Rudolf Hirsch, long time summer resident, died in a nursing home in Pennsylvania on February 25. Mr. Hirsch was a retired librarian scholar from the University of Pennsylvania. His expertise was on manuscripts and early printing. Rudi came to the island In the 60's after summering for many years on Gotts Island. He enjoyed many quiet summers of mushrooming, claming and berry picking on Swan's Island. His daughter Anne Schwoebell will bring his ashes for burial at Grindel Hill in August. There will be a memorial service at that time.


Abbe Museum to Excavate a Midden on Swan's Island. Diane Kopec, Director of the Abbe Museum, is planning a field week on Swan's Island May 20-25 and Is looking for volunteers who might like to learn basic excavation techniques. The museum conserves stone age Indian artifacts. Swan's Island has revealed Indian artifacts 3,500 years old In the past...who knows what might yet be unearthed in the Indian shell heap. If you are interested, write the Abbe Museum at PO Box 286, Bar Harbor, ME 04609 or call for more information at 207-288-3519.


Spelling BEEuty Eight grader Kathleen Dziezyk won first place in an area spelling bee a few weeks ago by spelling correctly "omnipotence". The competition was held for all of Mt. Desert Junior High winners. Jaime Joyce came In third in competition. Kathleen, Jaime and their teacher Helen Sanborn traveled to Bucksport on March 15th for the county bee: Kathleen missed on the word, "fallacy". How do you spell "rats!"


At the request of Swan's Island summer residents. Rep. Patricia Stevens (D-Bangor) has introduced legislation, that would bring Maine controls on aquaculture up to Washington State standards for aquaculture in Puget Sound. Opponents of the legislation say the bill Is aimed at strangling the nascent Industry and those favoring stricter controls are Insensitive to the financial situation of year round residents. State laws can not control the potential for disease and toxic algae blooms, the result of overcrowded pens in shallow water. Rep. Stevens told the Marine Resources Committee. Washington State requires 30 feet of water under the pens, while the Maine minimum is ten feet.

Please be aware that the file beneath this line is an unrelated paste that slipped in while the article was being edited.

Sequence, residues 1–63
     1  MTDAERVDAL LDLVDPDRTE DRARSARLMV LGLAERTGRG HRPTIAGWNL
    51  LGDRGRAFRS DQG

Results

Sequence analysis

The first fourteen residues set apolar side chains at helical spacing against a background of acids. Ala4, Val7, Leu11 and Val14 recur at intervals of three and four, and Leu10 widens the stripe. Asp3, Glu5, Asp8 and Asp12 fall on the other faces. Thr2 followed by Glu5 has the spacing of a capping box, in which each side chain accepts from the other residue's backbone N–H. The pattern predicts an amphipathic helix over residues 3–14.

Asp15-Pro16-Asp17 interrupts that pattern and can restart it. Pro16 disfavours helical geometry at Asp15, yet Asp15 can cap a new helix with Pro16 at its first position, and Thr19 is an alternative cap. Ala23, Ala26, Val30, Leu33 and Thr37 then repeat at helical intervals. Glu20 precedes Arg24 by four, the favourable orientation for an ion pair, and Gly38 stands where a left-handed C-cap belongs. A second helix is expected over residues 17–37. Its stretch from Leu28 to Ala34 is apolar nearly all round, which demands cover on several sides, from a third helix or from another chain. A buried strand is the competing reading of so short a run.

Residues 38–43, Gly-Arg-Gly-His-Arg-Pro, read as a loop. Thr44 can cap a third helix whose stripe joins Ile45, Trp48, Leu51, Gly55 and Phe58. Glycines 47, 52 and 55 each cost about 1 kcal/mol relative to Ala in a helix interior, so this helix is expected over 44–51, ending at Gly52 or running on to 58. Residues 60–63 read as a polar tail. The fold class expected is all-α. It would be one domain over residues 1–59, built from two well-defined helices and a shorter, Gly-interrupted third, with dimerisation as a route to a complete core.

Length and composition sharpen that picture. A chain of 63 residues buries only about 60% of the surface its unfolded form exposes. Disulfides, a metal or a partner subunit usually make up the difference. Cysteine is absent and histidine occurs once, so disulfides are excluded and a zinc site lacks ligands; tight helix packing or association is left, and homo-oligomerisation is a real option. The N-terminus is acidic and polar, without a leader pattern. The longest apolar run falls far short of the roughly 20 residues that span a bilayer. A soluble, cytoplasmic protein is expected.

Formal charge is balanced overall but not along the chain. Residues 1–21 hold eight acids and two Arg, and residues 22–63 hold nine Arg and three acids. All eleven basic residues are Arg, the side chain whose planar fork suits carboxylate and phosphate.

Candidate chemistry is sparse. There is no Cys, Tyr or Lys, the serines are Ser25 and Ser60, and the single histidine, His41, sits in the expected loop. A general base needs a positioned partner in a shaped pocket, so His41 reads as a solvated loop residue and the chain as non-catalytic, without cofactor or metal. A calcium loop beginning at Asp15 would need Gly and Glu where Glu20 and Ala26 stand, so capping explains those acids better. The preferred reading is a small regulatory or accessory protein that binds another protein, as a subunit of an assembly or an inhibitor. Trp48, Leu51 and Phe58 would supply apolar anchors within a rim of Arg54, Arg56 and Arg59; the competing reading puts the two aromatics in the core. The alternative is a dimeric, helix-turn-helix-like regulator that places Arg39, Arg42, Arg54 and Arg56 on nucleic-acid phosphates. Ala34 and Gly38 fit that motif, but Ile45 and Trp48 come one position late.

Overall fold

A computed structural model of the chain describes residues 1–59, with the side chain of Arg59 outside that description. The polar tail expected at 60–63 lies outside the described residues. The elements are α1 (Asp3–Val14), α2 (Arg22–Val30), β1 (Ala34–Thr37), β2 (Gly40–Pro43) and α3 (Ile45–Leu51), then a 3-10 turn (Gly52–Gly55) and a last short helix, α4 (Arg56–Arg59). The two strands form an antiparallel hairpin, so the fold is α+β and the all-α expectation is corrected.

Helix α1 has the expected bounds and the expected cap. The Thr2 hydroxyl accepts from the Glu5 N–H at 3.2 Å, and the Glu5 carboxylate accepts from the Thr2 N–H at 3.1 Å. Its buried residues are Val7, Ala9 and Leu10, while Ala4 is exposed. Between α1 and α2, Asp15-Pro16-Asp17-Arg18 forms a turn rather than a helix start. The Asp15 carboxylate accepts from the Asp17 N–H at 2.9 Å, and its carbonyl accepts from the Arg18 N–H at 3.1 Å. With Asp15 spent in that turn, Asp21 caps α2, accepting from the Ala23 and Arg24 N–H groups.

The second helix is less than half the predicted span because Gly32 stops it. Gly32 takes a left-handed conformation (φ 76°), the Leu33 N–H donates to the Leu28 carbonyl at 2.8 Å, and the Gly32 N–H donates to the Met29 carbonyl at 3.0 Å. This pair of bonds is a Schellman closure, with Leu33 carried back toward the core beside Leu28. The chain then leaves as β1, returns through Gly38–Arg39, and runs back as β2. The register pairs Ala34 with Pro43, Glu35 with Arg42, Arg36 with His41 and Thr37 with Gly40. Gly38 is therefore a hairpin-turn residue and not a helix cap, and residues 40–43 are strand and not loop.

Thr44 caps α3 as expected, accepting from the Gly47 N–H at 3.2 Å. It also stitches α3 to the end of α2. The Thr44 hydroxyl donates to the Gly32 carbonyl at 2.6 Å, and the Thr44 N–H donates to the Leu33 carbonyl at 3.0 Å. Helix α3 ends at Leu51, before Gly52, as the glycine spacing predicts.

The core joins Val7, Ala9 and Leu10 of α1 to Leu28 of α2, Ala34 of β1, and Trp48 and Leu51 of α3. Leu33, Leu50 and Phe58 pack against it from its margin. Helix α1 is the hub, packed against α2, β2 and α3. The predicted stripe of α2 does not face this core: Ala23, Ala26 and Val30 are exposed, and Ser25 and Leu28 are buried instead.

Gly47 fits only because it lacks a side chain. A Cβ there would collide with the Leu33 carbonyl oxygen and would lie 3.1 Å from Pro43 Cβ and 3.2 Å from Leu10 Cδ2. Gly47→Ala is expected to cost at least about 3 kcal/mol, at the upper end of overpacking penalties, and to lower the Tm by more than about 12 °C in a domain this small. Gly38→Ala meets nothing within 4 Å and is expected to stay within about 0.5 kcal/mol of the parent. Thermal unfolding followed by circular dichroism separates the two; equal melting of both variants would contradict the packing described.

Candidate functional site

Marine biologists testified that current velocities inside the pens are as low as 35% of those outside the pens: this causes a buildup of unconsumed food and feces. 50 tons of fish produce feces equivalent to the raw sewage of 1500 people.


The farm operators testified these more stringent controls are both unnecessary and unaffordable. Maine currents are stronger than those in Puget Sound. A note of irony has crept into the debate on the ecological consequences of fish farming. Apparently, there is a glut of Atlantic salmon on the market: prices are tumbling. Maine and Washington State fish farmers have petitioned the Department of Commerce and the International Trade Commission to ask Norway to stop dumping its bumper crop of salmon on the U.S. market. Ocean Products, a Portland, Maine based aquaculture company, is restructuring its financial plan and seeking new stockholders. March. 1990



Swan's Island Notes


Paul Joy, pastor of the Church of God, announced that he and his family will be moving off the island at the end of January so that he can take a larger church in Unionville. Paul, his wife Ruth and their 7 children have lived on Swan's Island for six years. The family is excited about their move but they are also sad. The new pastor, Bruce Tucker, will take over the small (45) congregation in February. Mr. Tucker will bring his wife and two small girls to the island from Atlanta, Georgia. Ruth has been packing and regrets that winter is not a good time for a yard sale! Friends wish them all the best!